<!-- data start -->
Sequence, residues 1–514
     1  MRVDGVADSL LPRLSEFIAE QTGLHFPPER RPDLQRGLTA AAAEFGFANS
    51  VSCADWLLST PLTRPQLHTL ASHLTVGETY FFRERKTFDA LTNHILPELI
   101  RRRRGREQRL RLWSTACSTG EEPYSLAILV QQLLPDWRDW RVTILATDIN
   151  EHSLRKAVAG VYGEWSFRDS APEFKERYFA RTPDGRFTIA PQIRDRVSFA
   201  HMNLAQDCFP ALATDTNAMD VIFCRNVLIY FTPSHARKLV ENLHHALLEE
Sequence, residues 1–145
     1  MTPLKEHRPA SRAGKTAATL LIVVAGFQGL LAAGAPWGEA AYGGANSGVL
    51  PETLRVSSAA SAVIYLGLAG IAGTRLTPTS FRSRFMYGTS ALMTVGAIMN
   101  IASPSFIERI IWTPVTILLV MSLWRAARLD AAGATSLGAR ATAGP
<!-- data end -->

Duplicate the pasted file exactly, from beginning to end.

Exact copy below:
Sequence, residues 1–514
     1  MRVDGVADSL LPRLSEFIAE QTGLHFPPER RPDLQRGLTA AAAEFGFANS
    51  VSCADWLLST PLTRPQLHTL ASHLTVGETY FFRERKTFDA LTNHILPELI
   101  RRRRGREQRL RLWSTACSTG EEPYSLAILV QQLLPDWRDW RVTILATDIN
   151  EHSLRKAVAG VYGEWSFRDS APEFKERYFA RTPDGRFTIA PQIRDRVSFA
   201  HMNLAQDCFP ALATDTNAMD VIFCRNVLIY FTPSHARKLV ENLHHALLEE
Sequence, residues 1–145
     1  MTPLKEHRPA SRAGKTAATL LIVVAGFQGL LAAGAPWGEA AYGGANSGVL
    51  PETLRVSSAA SAVIYLGLAG IAGTRLTPTS FRSRFMYGTS ALMTVGAIMN
   101  IASPSFIERI IWTPVTILLV MSLWRAARLD AAGATSLGAR ATAGP